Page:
Buyer be aware
Question: I have trouble navigating through the maze of information that I have to read and documents I have to sign just to make an investment. Why do they have to make it difficult for me to invest?—asked at “Ask a friend, ask Efren” free service available at www.personalfinance.ph, Facebook and SMS.
Answer: Are you familiar with the term caveat emptor? I will quote Investopedia so I don’t get anything wrong: “Caveat emptor is a neo-Latin phrase meaning “Let the buyer beware.” It is a principle of contract law in many jurisdictions that places the onus on the buyer to perform due diligence before making a purchase… The phrase is an ancient principle that is intended to resolve disputes arising from information asymmetry, the pervasive situation in which the seller knows more than the buyer about the quality of a good or service.”
In the modern age, laws and regulations have tightened up on the principle of caveat emptor in an effort to protect buyers’ interests, especially those who are not that sophisticated to understand fully the minimal information on the investment products that are initially presented to them.
Disclosures have to be made on the part of sellers to make buyers more informed. On the other hand, buyers are quizzed particularly on their ability to take on the risks that are inherent in the investment products they are buying, hence the suitability assessment tests.
As I have said in the past, I do not give out advice on which investment is the best. I always say that all investments, provided they are legal and moral, are good. Instead, I ask people to look for that investment that best suits them, which the buyer must be best aware of at the very least.
So, if a 38-year old investor for example wants to enjoy a retirement lifestyle costing P600,000 a year in today’s money for 20 years after retiring at the age of 60, and targets to earn 14 percent a year from age 38 to age 49 and just a time deposit rate of 2 percent a year from age 50 to 80, and given an inflation rate of 5 percent a year, he will need to save about P92,000 a month until he retires to achieve his goals. And on the assumption that he is able to save that amount, he will now have to find investments capable of producing the said target returns.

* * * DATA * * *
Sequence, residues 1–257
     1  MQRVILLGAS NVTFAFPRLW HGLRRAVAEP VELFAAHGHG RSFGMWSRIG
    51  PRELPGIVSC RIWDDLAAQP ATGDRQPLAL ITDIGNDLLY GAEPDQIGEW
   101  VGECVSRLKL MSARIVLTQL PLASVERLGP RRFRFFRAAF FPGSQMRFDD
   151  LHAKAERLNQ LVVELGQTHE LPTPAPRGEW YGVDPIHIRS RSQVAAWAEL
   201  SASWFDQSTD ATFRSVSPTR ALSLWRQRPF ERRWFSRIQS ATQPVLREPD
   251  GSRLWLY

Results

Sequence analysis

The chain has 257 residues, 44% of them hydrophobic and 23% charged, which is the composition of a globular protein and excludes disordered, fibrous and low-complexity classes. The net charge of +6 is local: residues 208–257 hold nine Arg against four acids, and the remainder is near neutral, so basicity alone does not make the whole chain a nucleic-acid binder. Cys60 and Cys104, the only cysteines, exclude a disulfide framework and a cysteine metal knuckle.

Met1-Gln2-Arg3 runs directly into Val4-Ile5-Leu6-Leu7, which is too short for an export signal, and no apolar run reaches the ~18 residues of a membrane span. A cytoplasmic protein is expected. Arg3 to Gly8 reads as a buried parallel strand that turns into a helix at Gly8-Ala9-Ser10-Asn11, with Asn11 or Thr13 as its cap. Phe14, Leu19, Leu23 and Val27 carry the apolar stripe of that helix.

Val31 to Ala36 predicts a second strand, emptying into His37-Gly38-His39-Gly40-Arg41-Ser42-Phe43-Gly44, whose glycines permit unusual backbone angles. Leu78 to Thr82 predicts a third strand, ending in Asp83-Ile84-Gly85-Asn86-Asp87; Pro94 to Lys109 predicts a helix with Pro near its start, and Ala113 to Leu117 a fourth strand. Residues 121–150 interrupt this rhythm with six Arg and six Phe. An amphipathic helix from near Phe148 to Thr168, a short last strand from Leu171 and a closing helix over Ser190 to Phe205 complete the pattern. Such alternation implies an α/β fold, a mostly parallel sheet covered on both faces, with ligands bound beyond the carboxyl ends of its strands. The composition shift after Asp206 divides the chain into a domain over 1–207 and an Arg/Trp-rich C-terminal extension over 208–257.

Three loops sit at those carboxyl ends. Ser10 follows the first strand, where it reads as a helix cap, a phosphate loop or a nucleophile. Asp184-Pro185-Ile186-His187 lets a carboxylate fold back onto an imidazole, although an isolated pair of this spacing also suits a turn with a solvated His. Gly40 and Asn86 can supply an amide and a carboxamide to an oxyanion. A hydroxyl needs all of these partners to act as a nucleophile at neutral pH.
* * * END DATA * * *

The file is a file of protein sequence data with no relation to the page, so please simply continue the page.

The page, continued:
But as we all know, the higher the return, the higher the risk. Targeting a 14 percent a year return requires investing in the Philippine stock market where the risk of loss is also high. If our investor cannot stomach the high level of risk in the stock market, he can do one or a combination of four things to reach his goals.
Our investor can set aside a large initial fund for his retirement, something that the foregoing computations did not assume, and/or lower his retirement lifestyle goal, and/or increase his periodic contributions. Otherwise, he will have no choice but to level up on his risk taking. The resulting return-risk combination with a little tweaking by a financial planner will lead our investor to the investment product that is suited for him. But the buyer must still be aware of the inner workings of such investment product.
So, before you head out to invest, be aware of the details not only of the product but also of your own investment objectives and risk preference, both will unavoidably make you go through a maze of documentation for your own protection.
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